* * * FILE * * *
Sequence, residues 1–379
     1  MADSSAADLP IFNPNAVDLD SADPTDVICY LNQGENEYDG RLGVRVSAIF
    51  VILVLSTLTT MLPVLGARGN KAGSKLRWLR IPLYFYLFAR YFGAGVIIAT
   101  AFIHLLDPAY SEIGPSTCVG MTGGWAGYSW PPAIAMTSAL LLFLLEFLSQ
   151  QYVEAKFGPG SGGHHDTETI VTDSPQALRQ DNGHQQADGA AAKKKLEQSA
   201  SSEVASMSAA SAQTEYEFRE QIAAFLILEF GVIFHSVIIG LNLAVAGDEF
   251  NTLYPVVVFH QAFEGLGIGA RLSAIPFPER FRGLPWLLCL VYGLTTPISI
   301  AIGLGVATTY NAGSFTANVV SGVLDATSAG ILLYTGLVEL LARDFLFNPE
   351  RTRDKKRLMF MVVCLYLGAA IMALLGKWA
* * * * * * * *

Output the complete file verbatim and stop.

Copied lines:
Sequence, residues 1–379
     1  MADSSAADLP IFNPNAVDLD SADPTDVICY LNQGENEYDG RLGVRVSAIF
    51  VILVLSTLTT MLPVLGARGN KAGSKLRWLR IPLYFYLFAR YFGAGVIIAT
   101  AFIHLLDPAY SEIGPSTCVG MTGGWAGYSW PPAIAMTSAL LLFLLEFLSQ
   151  QYVEAKFGPG SGGHHDTETI VTDSPQALRQ DNGHQQADGA AAKKKLEQSA
   201  SSEVASMSAA SAQTEYEFRE QIAAFLILEF GVIFHSVIIG LNLAVAGDEF
   251  NTLYPVVVFH QAFEGLGIGA RLSAIPFPER FRGLPWLLCL VYGLTTPISI
   301  AIGLGVATTY NAGSFTANVV SGVLDATSAG ILLYTGLVEL LARDFLFNPE
   351  RTRDKKRLMF MVVCLYLGAA IMALLGKWA